|Preston Butler III, Treavor Lovell, and Avery Clark in Pass Over (Chris Bennion)|
Through June 23, 2019
Moses (Treavor Lovelle) and Kitch (Preston Butler III) are stuck on this one block. It’s not clear if they are homeless with nowhere else to go or stuck because violence ranges all around them and they’re afraid to leave or stuck because they’ve been told they must stay on this block (the audience hears commands to stay put). Perhaps it’s all of the above.
In playwright Antoinette Nwandu’s intense 80-minute play at ACT Theatre, Pass Over, these two are not waiting, like Didi and Gogo, for Godot to show up, they’re aching to leave. In frustrated, angry, hopeful, anticipatory, poetic, ‘n’-word-filled friendship-language, they’re waiting to leave.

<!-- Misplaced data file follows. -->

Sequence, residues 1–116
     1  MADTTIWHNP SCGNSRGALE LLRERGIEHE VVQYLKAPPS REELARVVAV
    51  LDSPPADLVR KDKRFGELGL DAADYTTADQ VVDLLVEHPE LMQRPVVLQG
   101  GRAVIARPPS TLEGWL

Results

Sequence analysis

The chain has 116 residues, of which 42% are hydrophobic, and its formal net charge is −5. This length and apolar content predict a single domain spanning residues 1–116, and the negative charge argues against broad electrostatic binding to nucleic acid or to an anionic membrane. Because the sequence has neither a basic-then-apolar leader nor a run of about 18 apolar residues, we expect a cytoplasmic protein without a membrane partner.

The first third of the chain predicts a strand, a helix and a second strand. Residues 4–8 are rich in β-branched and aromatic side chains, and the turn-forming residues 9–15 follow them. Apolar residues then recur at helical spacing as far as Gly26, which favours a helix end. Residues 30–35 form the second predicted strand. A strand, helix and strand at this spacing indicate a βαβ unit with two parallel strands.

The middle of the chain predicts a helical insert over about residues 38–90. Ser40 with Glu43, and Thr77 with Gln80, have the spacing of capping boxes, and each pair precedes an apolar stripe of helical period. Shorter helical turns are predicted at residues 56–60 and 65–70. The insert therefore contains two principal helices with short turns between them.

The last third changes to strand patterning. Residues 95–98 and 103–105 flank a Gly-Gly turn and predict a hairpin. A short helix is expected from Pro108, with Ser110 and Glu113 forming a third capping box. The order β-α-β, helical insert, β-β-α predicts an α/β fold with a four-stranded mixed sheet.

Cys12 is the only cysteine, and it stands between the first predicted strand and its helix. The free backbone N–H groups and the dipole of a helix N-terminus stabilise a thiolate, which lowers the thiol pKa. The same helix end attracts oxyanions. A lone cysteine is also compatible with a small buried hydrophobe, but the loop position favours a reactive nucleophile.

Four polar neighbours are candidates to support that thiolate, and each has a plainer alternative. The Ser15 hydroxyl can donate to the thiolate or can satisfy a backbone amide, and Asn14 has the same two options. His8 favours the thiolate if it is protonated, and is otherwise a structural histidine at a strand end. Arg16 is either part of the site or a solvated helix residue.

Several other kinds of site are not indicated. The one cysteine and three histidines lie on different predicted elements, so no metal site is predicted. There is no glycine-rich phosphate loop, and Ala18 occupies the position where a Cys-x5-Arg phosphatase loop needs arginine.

Nwandu seems to be writing in a way that needs to penetrate White America. It’s not very subtle, for the most part. The entire piece is metaphor-heavy, trapping the two black men into scarcity and despair (there’s nothing to eat, see, read, do but make up games to pass the time), and sending in a tut-tutting Colonial-style (read “colonizing”) white man who unbends himself to graciously feed them and a white police officer to harass them for even thinking about leaving (both roles played by Avery Clark).